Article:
Gretchen Parlato, Ronnie Scott’s, Tuesday 11th October

by mike collins, jazzyblogman

A pause for breath and a moment of silence in the middle of Ugly Beauty seemed like the magical sweet spot of this gig. It had been heading there from the start of the early set at Ronnie’s. Gretchen Parlato, mic in hand, and Gerald Clayton at the piano were alone on the stage and the magic had descended. Clayton seems to find the purest essence in everything he plays and express it with an economy and elegance that is breathtaking. He had distilled a harmonic shift from Monk’s ballad, rendered it in angular almost classical arpeggios as an intro, and then Parlato’s almost-not-there gossamer vocal traced the unmistakable melody, laden with introspective melancholy, sighing the lyric. That pause was a cue for an exploratory development of melody and harmony by Clayton before they traced the theme again to close. 

Luques Curtis and Jonathan Barber returned the stage, and if we weren’t already, then the audience were now well and truly in the palm of the Parlato hand. She had us quietly singing along with a repeating phrase at the end of the liquidly grooving Better Than, a quintessential Parlato original from the back catalogue, with a soul and R&B sensibility transmuted by a sinuous melody line and layers of shifting harmony and rhythm. Magnus, from last year’s release Flor had a joyous spring in its step and another irresistibly tasteful sing-along. Summoned backed to the stage by a rapturous reception, Curtis, Barber and Clayton slipped into the quietly propulsive groove of Circling another selection from 2011’s Lost and Found and the set ended on a dreamy feel good note.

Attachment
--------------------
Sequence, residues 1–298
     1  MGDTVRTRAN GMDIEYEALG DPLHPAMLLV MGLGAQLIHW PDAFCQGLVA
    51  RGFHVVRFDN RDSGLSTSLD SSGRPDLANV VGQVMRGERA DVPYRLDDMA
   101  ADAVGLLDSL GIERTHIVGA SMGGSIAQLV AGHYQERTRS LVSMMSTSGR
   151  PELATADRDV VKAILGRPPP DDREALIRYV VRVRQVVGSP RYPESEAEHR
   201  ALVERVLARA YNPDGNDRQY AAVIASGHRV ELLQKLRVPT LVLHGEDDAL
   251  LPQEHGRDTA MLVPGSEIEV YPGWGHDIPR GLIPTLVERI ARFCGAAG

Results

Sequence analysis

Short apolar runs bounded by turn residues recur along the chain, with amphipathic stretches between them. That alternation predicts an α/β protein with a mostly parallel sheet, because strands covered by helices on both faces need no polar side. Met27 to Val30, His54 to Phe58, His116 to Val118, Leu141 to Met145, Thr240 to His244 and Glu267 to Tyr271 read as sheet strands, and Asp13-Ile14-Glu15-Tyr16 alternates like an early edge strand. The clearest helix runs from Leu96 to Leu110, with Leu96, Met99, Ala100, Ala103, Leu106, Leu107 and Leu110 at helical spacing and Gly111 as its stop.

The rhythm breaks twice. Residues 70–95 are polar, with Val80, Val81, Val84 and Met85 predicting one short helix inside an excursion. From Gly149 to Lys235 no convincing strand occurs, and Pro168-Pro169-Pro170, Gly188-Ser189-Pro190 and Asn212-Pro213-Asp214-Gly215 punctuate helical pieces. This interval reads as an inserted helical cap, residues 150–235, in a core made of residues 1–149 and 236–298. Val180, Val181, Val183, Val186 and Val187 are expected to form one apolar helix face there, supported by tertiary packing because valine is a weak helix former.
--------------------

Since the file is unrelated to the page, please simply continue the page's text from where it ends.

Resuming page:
This was the first set of tour that is the first since well before the enforced break of the pandemic and it was utterly compelling. If the first couple of tunes were ‘looseners’, then they were impeccable, but as the band got quieter and grooves and accompaniments more stripped back, the more intense and spellbinding the music got. Clayton infuses magic and surprise, but Curtis and Barber were unshowily locked in and responsive. Holding Back The Year as Simply Red couldn’t have dreamed it got an angular Clayton intro, and the collective reading of Herbie Hancock’s Butterfly was pure magic. This Tuesday night treat is going to take something special to top it, any day of the week.